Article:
Bomb Shelters Booming Like The 1950s

Bomb Shelters Booming Like The 1950s
Bomb Shelters Booming Like The 1950s

People say that history repeats itself and we should learn from the past. Being faulty human beings, we just don’t. That’s why it’s time to start building bomb shelters again. Apparently, we didn’t learned a thing from the Cold War.
During the 1950s, schools conducted drills that taught children to hide under desks and file into fallout shelters. At the height of the Cuban Missile Crisis, bomb shelters were a booming American business. In the 21st Century, we face nuclear proliferation once again. Any half-baked terrorist group has the potential to get their grubby hands on enriched uranium and detonate a dirty bomb. So, before the bombs start bursting in air, here’s how to construct a bomb shelter.

Step 1: Prepare the Ground

Before you ever do any digging, contact the utility companies to mark any electric or gas line in the area. Dig a trench to fit the size of your bunker. Existing hill sides are excellent. Keep in mind that you’ll be putting a low door and stairs up to a surface door. Also, three feet of earth will cover the shelter to protect against radiation.

Step 2: Working with Concrete

Level the base to prep for a concrete slab/foundation. Pick a spot for a toilet. Dig down four more feet there and a width of about four feet. Drive metal stakes to form a three-foot circle in the hole. Wrap with several rounds of wire mesh and fill the outside with gravel, leaving the center vacant. Cover with 2X4s and plywood. Place a toilet-sized piece of PVC standing straight up through the middle. You’ll remove the pipe later.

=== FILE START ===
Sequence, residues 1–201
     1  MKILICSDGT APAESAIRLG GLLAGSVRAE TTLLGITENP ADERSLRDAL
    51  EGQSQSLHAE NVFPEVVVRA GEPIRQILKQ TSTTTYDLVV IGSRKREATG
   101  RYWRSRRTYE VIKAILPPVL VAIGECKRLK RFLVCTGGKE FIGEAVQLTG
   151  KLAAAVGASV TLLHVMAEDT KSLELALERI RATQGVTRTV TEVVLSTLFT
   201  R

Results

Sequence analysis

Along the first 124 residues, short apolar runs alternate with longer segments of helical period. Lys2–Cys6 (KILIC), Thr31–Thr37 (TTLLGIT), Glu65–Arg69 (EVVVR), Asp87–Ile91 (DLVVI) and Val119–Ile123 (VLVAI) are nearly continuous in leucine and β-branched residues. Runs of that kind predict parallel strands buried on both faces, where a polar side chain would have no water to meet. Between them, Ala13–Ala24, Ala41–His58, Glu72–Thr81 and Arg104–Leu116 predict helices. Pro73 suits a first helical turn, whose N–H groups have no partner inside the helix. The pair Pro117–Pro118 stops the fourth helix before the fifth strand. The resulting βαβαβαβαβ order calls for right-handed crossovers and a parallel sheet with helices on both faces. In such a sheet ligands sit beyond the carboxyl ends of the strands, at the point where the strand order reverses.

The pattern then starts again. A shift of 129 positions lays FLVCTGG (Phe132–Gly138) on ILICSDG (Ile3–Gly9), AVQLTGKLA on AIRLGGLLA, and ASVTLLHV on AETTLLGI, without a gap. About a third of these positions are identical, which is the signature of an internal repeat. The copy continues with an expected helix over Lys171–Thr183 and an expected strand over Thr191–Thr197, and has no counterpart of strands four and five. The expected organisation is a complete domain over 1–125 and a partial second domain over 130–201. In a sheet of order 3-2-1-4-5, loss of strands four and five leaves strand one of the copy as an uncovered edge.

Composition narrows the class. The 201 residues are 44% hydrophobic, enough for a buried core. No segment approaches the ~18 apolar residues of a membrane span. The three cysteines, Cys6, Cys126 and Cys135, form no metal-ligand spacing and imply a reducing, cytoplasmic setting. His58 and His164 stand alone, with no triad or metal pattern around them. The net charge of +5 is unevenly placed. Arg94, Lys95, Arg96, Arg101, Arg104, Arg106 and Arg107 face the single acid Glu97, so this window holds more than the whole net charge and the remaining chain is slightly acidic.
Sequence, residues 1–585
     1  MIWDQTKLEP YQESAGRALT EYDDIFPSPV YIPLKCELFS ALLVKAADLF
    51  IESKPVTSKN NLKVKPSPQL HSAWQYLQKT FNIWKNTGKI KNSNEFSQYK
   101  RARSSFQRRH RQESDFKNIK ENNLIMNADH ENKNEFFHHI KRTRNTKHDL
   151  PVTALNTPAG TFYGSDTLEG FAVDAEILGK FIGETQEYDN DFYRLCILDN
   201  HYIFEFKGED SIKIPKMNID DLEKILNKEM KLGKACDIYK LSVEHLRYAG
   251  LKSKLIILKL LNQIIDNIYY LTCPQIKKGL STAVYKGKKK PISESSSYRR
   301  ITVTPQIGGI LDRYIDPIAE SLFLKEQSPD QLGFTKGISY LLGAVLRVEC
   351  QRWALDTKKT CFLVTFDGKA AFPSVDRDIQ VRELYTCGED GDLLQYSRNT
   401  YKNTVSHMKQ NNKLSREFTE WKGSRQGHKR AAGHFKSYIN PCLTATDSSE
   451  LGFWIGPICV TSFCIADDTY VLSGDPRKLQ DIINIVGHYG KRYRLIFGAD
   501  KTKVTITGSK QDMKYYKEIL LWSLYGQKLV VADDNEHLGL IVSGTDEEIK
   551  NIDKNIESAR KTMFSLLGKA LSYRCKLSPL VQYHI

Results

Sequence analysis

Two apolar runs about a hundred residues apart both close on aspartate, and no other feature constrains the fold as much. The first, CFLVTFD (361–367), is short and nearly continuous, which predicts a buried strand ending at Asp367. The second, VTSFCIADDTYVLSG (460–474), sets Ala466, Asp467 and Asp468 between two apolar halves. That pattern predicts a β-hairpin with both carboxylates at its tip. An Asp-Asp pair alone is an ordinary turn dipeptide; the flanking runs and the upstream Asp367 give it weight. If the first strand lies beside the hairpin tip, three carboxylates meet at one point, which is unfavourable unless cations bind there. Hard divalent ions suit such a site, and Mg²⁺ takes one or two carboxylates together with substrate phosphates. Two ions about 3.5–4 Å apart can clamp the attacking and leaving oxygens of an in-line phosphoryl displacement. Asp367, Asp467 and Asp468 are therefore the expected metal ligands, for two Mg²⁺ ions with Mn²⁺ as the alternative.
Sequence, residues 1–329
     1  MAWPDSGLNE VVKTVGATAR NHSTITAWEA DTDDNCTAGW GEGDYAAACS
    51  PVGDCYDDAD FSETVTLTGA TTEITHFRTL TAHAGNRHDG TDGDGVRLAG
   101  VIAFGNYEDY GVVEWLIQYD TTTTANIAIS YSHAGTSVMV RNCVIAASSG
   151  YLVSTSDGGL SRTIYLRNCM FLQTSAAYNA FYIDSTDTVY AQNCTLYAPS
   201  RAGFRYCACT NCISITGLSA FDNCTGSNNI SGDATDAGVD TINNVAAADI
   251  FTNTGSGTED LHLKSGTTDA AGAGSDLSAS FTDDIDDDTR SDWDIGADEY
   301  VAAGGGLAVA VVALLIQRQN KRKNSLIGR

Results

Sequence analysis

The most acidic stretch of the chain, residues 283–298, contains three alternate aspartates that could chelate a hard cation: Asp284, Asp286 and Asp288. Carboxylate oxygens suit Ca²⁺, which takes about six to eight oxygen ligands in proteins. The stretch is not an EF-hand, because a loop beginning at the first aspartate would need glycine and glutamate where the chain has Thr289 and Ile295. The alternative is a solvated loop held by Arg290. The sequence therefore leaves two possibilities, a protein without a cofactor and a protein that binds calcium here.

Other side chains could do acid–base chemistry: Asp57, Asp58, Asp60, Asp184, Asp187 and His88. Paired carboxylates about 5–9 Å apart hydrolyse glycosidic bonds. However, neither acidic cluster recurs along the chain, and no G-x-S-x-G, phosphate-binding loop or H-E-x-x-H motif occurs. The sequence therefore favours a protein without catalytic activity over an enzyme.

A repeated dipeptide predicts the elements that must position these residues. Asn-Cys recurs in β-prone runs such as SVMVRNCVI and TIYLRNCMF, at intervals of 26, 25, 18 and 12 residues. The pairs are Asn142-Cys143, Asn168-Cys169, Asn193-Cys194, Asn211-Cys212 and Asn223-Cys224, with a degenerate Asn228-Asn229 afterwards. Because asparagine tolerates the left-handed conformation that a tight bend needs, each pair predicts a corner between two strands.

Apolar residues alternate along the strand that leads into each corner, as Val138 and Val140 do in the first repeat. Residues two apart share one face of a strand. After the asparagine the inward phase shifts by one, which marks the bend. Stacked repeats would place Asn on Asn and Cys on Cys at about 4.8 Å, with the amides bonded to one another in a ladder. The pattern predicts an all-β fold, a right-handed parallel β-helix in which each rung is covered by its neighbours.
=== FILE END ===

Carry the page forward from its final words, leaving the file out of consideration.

Build the outside forms to house the concrete out of 2X10s and secure them with strong stakes. The edges should form a thicker footing. Dig down there at least 8 inches deep for the outside 12 inches. You’ll be building on top of that. Put down four inches of crushed stone as a base. Lay out #10-gauge wire for reinforcement. Once prepped, pour the concrete and level.

Step 3: Setting Cinder Blocks

Construct cinder block walls set in four inches from the slab’s lip. Account for the installation of a metal insulated door. Some people like to pour soft wet concrete into the blocks for additional strength and air tightness.

Step 4: Building the Roof

Once you’ve achieved the desired height, use strong pressured treated lumber to construct a roof. It needs to be air tight and waterproof. Incorporating a thick plastic veil isn’t a bad idea. Looks are irrelevant, everything will be buried anyway.

Step 5: Install an Entrance

Install stairs, the lower level door that opens inward and a blast door at the surface. A standard thick-metal bulkhead door will suffice.

Step 6: Ventilate and Plumb

Install two, 4-inch PVC air ventilation pipes through the roof and one for power. You can incorporate filters and a small, battery-operated fan to circulate clean air. Several manufacturers make Air Supply Ventilators that are effective. Duct boosters with fans can be added inside as well. Wrangle out the toilet pipe and install a waterless unit over the hole.

Step 7: Power it Up

Set up a powerful solar generator. Get, or make one that provides you with several weeks’ of energy. Run the lines up through your PVC pipe to panels and seal. Install LED light fixtures and a surge protector.
In the event of a dirty bomb explosion, the heaviest radioactive fallout happens in the first 24 hours. Prevailing winds will determine how long you’ll need to stay underground. If upwind, you may be safe after just 72 hours. Downwind shelters will take longer. Estimate two weeks minimum and stock accordingly. For all our nuclear disarmament progress, we’re heading underground. Welcome back to the 1950s.